Direct: Hit a cushion, kick a ball, throw darts, lift weights.

• Quick fixes: You'll need some quick techniques for feeling better during the school day, e.g. take ten deep breaths, do a brief visualisation (of happy holiday times, for instance) or cuddle your teddy bear. These techniques have to work in class, in the school grounds and on your way to and from school.

• Collect a variety: You need a variety of techniques to use, depending on your mood and what's happening at the time. Some are useful everywhere, including school, while others take time and are more suitable at home and on weekends, e.g. a bike ride, reading, hobbies. You can invent your own techniques and ask other people for suggestions. In this book there are lots of ideas - choose what feels right for you. Although some appear basic and simple, they work for very traumatised people and may help you.

Release your anger

• Exercise, walk, jog, run, swim, skip, hit, throw, stretch, do push-ups, punch, kick.

• Blow up balloons, play with marbles, tear up newspaper.

• Squeeze hard plasticine, clay or stuffed toys, crack walnuts open with your hands.

• Throw chunks of ice or corks; throw a wrapped bar of chocolate and then eat the pieces.

• Go somewhere quiet and cool down.

• Use a punching bag (fill with sand, or stuff a hessian bag with wet newspaper and let it dry).

• Write bad things down and burn the paper in a safe place (with parental help).

• Listen to loud music, play a musical instrument loudly, sing or whistle.

• Do some energetic dancing, e.g. Spanish, Irish or tap dancing.

• Get a plain calico doll that you can throw, draw on, stamp on, stab, burn - just pretend it's the bully!

• Learn martial arts, e.g. karate, Tai Kwon Do or judo.

• Add your own favourite techniques...

Deal with your stress and anxiety

• Do instant deep breathing.

• Relax physically and mentally with yoga or Tai Chi.

• Give and receive a massage (if alone, massage your feet and hands).

• Have a bubble bath or use essential oils.

• Hold crystals, a stress ball, a teddy bear, jewellery, prayer beads.

• Remember times when you felt really happy.

• Go shopping: buy a little treat, e.g. a small bag of mixed sweets.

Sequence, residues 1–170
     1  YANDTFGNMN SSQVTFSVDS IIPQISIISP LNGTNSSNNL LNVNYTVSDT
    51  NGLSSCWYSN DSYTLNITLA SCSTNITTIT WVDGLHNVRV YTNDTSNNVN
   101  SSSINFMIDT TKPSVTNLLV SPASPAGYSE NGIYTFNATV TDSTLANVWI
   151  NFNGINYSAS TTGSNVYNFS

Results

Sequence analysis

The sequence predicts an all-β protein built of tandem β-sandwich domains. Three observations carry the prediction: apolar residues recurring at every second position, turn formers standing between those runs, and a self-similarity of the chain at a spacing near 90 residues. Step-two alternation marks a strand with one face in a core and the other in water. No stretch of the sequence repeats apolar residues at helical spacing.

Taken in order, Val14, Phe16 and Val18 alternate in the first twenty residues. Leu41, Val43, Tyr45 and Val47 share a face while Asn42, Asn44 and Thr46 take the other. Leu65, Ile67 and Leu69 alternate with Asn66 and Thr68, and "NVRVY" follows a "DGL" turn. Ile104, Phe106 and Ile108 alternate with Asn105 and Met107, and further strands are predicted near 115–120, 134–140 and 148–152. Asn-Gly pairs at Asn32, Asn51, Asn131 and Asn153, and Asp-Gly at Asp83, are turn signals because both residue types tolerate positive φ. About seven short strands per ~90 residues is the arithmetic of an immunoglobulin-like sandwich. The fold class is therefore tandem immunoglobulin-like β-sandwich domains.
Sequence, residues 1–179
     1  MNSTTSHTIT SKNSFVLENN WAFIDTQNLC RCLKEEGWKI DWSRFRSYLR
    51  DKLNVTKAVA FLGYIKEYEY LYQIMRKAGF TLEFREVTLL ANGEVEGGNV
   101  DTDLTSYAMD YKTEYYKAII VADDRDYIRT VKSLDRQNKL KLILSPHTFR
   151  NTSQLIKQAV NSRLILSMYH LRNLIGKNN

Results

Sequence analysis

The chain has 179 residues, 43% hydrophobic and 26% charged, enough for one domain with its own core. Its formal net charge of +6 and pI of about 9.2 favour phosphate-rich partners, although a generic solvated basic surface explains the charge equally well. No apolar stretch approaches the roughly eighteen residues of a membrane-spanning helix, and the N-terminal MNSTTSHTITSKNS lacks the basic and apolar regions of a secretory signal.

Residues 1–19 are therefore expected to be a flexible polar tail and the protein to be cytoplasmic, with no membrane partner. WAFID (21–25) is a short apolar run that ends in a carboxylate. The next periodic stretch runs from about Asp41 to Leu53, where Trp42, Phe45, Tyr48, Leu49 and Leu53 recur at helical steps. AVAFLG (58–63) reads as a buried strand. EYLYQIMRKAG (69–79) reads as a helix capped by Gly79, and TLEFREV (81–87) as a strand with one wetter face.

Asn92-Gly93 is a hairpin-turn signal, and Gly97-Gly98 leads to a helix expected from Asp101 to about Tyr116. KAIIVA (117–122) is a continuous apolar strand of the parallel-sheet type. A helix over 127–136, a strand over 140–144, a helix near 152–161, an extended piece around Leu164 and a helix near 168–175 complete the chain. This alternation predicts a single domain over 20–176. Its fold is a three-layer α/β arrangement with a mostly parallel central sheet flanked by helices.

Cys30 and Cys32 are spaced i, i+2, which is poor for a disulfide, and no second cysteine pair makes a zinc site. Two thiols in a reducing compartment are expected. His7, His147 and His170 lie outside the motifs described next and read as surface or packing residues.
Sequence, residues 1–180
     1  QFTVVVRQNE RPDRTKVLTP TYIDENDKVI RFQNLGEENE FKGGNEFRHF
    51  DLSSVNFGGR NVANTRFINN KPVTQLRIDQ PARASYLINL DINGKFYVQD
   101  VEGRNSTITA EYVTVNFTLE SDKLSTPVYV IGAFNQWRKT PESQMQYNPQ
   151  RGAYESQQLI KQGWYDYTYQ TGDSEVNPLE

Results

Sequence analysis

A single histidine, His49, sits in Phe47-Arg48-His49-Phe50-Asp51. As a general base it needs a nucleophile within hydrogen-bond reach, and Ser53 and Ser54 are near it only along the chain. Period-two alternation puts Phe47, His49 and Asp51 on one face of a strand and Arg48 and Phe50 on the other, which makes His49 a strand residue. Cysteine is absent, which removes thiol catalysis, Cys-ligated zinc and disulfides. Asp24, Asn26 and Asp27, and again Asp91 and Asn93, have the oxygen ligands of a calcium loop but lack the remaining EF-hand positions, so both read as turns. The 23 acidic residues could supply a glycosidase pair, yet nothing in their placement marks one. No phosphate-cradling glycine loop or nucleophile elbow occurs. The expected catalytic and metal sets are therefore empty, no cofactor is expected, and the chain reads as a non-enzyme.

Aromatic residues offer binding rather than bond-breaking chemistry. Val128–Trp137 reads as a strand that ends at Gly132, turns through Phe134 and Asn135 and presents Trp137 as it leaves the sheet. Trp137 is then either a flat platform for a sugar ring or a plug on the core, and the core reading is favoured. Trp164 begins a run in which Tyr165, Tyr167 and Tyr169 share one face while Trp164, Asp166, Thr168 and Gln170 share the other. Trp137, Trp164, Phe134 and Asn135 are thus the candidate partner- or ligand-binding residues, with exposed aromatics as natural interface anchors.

• Exercise: gym, aerobics, run up and down lots of stairs.

• Find a new hobby - knitting or doing a jigsaw releases tension.

• Do some pet therapy: play with a pet, keep goldfish.

• Be with friends: have fun, read joke books, cartoons, watch funny videos, play games.

• Delegate your worries: use worry dolls at night.

• Visualise, e.g. journey in your mind to a special calming place.

• Add your own favourite techniques...

Deal with your sadness

• Release tears: peel an onion, eat hot chilli peppers or horseradish.

• Listen to sad music, watch a sad movie, read/write sad poems.

• Do more pet therapy - watch birds, fish; visit the zoo or a pet shop.

Meditate somewhere serene: a church, synagogue, mosque, cemetery.

• Do nature therapy: burn a candle or incense; watch a fire, a fountain, the sea.

• Do hug therapy: spend time with caring people.

• Go somewhere peaceful - near running water, a garden, the beach.

• Do an instinctive exercise: wrap your arms around yourself and rock slowly, backwards and forwards.

• Enjoy comfort food or drink (in moderation), e.g. chocolate, chicken soup, chips, tea.

• Add your own favourite techniques.

Feeling happy and positive

• Make a 'feelgood' list: enjoyable clothes, games, perfume, cuddly toy, good magazines, sweets, cubby house, hobbies, jewellery.

• Do something different, e.g. try different chocolate, change your hairstyle, redecorate your bedroom, go to school another way.

• Spend time doing enjoyable activities, e.g. sport, dancing, games, Internet chat.

• Find things that make you smile and laugh.

• Say or do something nice for someone else and check their reaction, e.g. smile at five people.

• Spend time with friends or family who are cheerful, fun and caring.

• If no-one is free, then phone someone from class you don't know very well and chat about schoolwork

• Count up to five nice things people have said to you recently.

• Say nice things to yourself, e.g. 'I love me', 'I'm the best', or do something physically caring, e.g. give yourself a hug or a kiss.

• Fantasise about wonderful things happening to you very soon.

• Add your own favourite techniques...

Key points

■ Bullying makes targets feel very bad, sad and mad.

■ These negative feelings influence your behaviours.

■ Release painful feelings to stop bullying.

What to do

• You need to identify, quantify and release your feelings.

• Release feelings biochemically, verbally and physically.

• Develop a variety of techniques.

• Maintain a comfortable emotional state by releasing as often as appropriate.